Laparoscopic colorectal resection was first performed in 1991.([FOOTNOTE=Fowler DL, White A. Laparoscopy-assisted sigmoid resection. Surg Laparosc Endosc. 1991 Sep;1(3):183-8.],[ANCHOR=],[LINK=]),([FOOTNOTE=Jacobs M, Verdeja JC, Goldstein HS. Minimally invasive colon resection (laparoscopic colectomy). Surg Laparosc Endosc. 1991 Sept;1: 144–150.],[ANCHOR=],[LINK=]) Initially, when used for removal of tumors in patients with colorectal cancer there was concern over the high incidence of port-site metastases. This has now largely been negated due to improved technique isolation of diseased tissue prior to extraction and rates of port site metastases with laparoscopic colectomy are now similar to rates of metastases around the edge of the wound site reported with open colectomy.([FOOTNOTE=Lacy AM, Delgado S, García-Valdecasas JC, et al. Port site metastases and recurrence after laparoscopic colectomy. A randomized trial. Surg Endosc. 1998 Aug;12(8):1039-42.],[ANCHOR=],[LINK=]),([FOOTNOTE=Bărbulescu M, Alecu L, Boeţi P, Popescu I. Port-site metastasis after laparoscopic surgery for colorectal cancer--still a real concern? Case report and review of the literature. Chirurgia (Bucur). 2012 Jan-Feb;107(1):103-7.],[ANCHOR=],[LINK=]),([FOOTNOTE=Martel G, Crawford A, Barkun JS, et al. Expert opinion on laparoscopic surgery for colorectal cancer parallels evidence from a cumulative meta-analysis of randomized controlled trials. PLoS One. 2012;7(4):e35292.],[ANCHOR=],[LINK=]) Laparoscopic colectomy has several benefits compared with open colectomy and is becoming increasingly widely used across both developed and emerging markets. However, as operating time is typically longer with laparoscopic colectomy versus open there is demand in some settings to demonstrate tangible clinical benefit and cost-effectiveness of the use of laparoscopic techniques.
US data show that 37% of laparoscopic colectomies are performed in patients with primary malignant neoplasm, 29% for diverticular disease and 19% for benign neoplasms([FOOTNOTE=Wilson MZ, Hollenbeak CS, Stewart DB. Laparoscopic colectomy is associated with a lower incidence of postoperative complications than open colectomy: a propensity score-matched cohort analysis. Colorectal Dis. 2014 May;16(5):382-9.],[ANCHOR=],[LINK=]) and in 2015 there will be an estimated 132,700 cases of colorectal cancer in the United States, which represents 8% of total cancer cases in the US making it the fourth most common cancer.([FOOTNOTE=SEER Stat Fact Sheets. Colon and Rectum Cancer. National Cancer Institute (United States) Website. Accessed July 27, 2015.],[ANCHOR=View Stat Facts],[LINK=http://seer.cancer.gov/statfacts/html/colorect.html ]) Surgery (laparoscopic or open) is the only curative treatment for colorectal cancer and encompasses complete resection of the primary tumor with negative margins in addition to a complete oncologic lymphadenectomy.
The removal of the cecum, ascending colon, hepatic flexure, initial third of the transverse colon and part of the terminal ileum (in addition to removal of fat and lymph nodes). Laparoscopic right colectomy involves a total of four surgical incisions and insufflation of the abdomen with carbon dioxide. Prior to any mobilization the surrounded area is examined for the presence of metastases, after which the colon is divided from its posterior and lateral attachments and ileocolic vessels ligated. The ascending colon is then transected from the ileum and transverse colon and removed after deflating the abdomen. Finally, an anastomosis is created between the ileum and transverse colon.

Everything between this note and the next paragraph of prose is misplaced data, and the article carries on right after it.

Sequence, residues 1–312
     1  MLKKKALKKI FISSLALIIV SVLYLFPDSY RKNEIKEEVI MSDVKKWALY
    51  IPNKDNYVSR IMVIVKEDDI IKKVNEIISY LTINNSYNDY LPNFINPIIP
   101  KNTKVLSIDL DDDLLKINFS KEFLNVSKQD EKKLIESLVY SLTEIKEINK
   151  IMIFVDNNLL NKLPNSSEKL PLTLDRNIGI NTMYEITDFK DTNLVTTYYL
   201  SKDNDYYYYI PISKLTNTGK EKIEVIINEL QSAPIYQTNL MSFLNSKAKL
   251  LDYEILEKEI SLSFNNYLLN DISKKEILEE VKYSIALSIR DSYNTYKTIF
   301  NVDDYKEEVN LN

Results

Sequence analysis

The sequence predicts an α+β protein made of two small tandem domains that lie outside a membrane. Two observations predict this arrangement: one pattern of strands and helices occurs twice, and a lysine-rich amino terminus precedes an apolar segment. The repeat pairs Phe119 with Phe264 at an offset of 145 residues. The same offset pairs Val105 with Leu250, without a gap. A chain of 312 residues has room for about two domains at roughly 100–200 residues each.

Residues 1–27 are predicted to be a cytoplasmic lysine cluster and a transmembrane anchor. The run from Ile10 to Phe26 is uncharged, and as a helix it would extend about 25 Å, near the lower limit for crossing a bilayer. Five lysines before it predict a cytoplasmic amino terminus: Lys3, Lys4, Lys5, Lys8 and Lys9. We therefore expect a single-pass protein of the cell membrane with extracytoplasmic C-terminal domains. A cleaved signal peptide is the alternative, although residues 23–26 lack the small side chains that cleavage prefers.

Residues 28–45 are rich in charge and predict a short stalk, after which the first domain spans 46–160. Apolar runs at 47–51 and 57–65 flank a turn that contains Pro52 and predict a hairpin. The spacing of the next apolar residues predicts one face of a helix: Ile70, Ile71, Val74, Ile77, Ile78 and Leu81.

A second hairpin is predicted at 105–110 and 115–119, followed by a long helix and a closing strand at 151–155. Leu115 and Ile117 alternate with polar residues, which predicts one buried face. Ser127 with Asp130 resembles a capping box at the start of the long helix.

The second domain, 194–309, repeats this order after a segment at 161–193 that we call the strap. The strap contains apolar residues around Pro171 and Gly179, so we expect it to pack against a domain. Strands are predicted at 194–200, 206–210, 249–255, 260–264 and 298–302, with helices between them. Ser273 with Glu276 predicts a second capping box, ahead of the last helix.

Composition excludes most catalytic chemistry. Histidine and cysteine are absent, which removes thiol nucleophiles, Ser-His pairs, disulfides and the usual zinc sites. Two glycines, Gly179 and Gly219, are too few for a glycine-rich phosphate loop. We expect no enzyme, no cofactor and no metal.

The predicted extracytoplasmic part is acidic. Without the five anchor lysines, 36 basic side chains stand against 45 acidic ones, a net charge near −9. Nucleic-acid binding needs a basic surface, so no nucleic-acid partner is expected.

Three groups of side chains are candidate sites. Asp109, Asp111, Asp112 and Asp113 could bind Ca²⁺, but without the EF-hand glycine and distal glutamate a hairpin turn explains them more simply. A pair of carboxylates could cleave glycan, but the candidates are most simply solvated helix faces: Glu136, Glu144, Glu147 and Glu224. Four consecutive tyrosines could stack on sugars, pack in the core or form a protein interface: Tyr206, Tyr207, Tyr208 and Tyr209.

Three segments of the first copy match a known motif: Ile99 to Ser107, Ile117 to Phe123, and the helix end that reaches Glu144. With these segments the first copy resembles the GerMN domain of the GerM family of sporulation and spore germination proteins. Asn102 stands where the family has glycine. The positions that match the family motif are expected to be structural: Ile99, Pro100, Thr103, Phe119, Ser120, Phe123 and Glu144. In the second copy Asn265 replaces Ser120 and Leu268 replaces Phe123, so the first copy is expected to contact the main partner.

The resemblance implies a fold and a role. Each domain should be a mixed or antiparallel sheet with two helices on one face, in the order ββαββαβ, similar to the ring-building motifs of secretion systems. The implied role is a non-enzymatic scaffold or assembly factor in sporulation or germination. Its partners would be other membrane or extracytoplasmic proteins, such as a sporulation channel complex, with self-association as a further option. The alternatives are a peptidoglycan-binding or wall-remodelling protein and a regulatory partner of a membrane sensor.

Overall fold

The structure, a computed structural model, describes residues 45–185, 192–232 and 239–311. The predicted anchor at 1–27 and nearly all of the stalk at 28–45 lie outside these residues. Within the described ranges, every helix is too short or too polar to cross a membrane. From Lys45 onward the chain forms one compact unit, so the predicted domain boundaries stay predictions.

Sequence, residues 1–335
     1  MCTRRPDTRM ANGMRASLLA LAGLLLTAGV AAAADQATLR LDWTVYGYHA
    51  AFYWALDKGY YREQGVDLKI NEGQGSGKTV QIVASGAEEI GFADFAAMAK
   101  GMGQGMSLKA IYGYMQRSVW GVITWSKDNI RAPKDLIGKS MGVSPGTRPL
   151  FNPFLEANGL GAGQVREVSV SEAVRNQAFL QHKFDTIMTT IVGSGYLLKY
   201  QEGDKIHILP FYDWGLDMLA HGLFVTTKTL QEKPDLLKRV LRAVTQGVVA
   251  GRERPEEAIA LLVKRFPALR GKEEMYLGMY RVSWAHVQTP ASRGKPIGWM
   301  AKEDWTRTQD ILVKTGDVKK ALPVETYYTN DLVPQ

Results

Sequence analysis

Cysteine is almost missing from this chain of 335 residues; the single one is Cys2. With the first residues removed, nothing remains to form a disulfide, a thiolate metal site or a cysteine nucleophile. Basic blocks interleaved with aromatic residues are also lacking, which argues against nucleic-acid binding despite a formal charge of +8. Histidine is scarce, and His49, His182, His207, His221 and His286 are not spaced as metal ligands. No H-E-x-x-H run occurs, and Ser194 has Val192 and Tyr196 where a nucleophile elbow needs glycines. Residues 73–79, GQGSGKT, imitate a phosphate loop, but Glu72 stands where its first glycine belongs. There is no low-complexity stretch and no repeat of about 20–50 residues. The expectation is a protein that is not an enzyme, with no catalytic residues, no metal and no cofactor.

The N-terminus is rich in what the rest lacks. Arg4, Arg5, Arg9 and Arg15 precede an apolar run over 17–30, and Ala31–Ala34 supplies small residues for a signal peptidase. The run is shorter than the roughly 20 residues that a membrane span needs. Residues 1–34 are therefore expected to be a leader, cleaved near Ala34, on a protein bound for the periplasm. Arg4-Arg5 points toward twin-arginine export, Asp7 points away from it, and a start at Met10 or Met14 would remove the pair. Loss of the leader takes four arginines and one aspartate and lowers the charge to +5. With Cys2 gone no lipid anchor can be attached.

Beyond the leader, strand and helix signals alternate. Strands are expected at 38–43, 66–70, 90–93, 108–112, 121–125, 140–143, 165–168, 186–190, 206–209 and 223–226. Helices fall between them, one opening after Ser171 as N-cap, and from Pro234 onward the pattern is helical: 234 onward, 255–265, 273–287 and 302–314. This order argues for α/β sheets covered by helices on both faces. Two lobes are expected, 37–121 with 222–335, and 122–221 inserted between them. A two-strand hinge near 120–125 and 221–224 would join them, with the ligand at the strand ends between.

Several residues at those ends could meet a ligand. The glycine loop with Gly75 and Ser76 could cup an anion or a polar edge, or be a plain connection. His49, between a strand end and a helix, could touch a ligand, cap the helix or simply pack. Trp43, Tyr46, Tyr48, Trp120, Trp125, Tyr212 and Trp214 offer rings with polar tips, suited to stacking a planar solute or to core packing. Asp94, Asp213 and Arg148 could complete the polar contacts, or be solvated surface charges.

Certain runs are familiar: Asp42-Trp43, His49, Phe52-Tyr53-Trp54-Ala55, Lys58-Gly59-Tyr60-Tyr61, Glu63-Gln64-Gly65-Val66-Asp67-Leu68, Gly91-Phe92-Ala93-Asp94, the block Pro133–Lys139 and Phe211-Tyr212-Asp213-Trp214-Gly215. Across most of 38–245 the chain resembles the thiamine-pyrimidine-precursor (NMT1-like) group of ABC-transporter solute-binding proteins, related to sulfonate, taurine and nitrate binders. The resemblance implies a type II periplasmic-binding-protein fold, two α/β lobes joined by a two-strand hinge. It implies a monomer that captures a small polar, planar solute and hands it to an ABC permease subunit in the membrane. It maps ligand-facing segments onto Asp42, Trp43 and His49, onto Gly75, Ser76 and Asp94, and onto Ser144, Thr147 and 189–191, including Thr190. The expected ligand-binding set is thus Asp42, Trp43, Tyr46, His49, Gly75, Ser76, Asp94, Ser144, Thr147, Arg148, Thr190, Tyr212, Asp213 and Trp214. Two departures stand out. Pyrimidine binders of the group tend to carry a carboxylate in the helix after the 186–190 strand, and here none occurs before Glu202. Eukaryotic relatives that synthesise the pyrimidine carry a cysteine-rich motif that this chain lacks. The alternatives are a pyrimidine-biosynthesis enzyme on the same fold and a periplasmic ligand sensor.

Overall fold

The removal of the left (descending) colon. The laparoscopic procedure requires approximately five small incisions. The renocolic, splenocolic and pancreatic colic ligaments are first cut to remove the descending colon from its attachments. The mesentery and the major vessels it contains must be ligated and divided. The omentum is divided from the transverse colon, splenic flexure mobilized and the necessary length of diseased bowel removed. An anastomosis is then created between the transverse and sigmoid colon.
The removal of the rectum and sigmoid colon, removal of the sigmoid colon (from the splenic fixture to the rectosigmoid junction) and removal of the rectum, respectively. The laparoscopic procedure involves three to five incisions and the colon transected 5–10 cm on either side of the tumor (or at the rectosigmoid junction); in proctosigmoidectomy the upper section of the rectum is also removed. After which, in cases of colorectal carcinoma, the excised tissue can be placed in a specimen bag and removed through the excisions or removed through a wound protector at the wound site to prevent contact of malignant cells with healthy tissue. An anastomosis is then created.
The removal of a segment of the rectum (subtype of proctectomy), as well as associated lymph nodes in the case of surgery for colorectal cancer. The procedure is less extensive than abdominal perineal resection and a colostomy is not required; an anastomosis is created between the remaining part of the colon and rectum.
Also known as the Miles operation, the removal of the anus, rectum and part of the sigmoid colon (in addition to lymph nodes), used in cases of rectal carcinoma in the distal third of the rectum). A colostomy is created by pulling the end of the sigmoid colon through the abdominal wall. The creation of a colostomy involves creating an opening (stoma) for the large intestine in the abdomen wall through which stool can exit into an external bag (colostomy bag). Colostomies are associated with impairment in some aspects of HRQoL; in a study of Japanese patients with colostomies >7 years post-surgery, significantly lower scores relative to the general population were reported in physical and social functioning domains but there was no significant impairment in any other domain.